Saturday, September 29, 2018

Considerations when assessing accusations

From 10 Red Flags About Sexual Assault Claims, From An Employment Lawyer by Adam Mill. Too colored by the serial and ever more extreme claims being made in the Kavanaugh confirmation process. All his accusers could be making legitimate claims but reason, evidence and probability are against them.

Here are Mill's ten red flags:
1. The accuser uses the press instead of the process.
2. The accuser times releasing the accusation for an advantage.
3. The accuser attacks the process instead of participating.
4. When the accused’s opportunity to mount a defense is delegitimized.
5. The accuser seeks to force the accused to defend himself or herself before committing to a final version.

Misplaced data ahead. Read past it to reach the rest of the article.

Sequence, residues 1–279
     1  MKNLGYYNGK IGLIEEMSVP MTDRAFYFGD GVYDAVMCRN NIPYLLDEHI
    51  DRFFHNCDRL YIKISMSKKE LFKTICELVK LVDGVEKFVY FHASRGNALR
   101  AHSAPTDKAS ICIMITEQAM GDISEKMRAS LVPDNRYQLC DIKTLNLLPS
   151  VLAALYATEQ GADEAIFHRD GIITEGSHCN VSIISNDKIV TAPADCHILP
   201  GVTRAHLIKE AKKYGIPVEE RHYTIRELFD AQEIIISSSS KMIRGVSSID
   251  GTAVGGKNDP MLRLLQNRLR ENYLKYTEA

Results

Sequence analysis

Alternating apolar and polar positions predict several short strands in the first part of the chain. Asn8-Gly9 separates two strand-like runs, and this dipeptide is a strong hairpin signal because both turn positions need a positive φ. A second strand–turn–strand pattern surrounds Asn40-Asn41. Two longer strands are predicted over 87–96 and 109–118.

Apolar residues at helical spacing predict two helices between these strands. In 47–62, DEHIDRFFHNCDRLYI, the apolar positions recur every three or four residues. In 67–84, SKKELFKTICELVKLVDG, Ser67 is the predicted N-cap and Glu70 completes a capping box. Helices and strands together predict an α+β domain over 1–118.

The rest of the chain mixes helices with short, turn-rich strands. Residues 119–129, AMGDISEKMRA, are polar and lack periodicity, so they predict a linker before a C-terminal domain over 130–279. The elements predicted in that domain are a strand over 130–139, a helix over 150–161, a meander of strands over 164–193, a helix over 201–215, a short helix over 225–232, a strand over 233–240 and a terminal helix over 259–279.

6. The accused makes a strong and unequivocal denial.
7. The accuser makes unusual demands to modify or control the process.
8. When the accuser’s ability to identify the accused has not been properly explained.
9. When witnesses don’t corroborate.
10. When corroborating witnesses simply repeat the accusation of the accuser but don’t have fresh information.
Individually, none of these are especially compelling as a red flag. Individually there are occasions when any one of the flags would be well warranted. But, in aggregate they become more indicative.

This feels related to my post How to assess a piece of writing, especially outside one's expertise. There is a difference though. In that post, you are estimating the value of the evidence presented. Mill is upstream a bit, not assessing the argument per se, but the predicate claim. Seems like splitting a hair but it makes sense. It is the difference between the headline of an article and the substance of the article itself.

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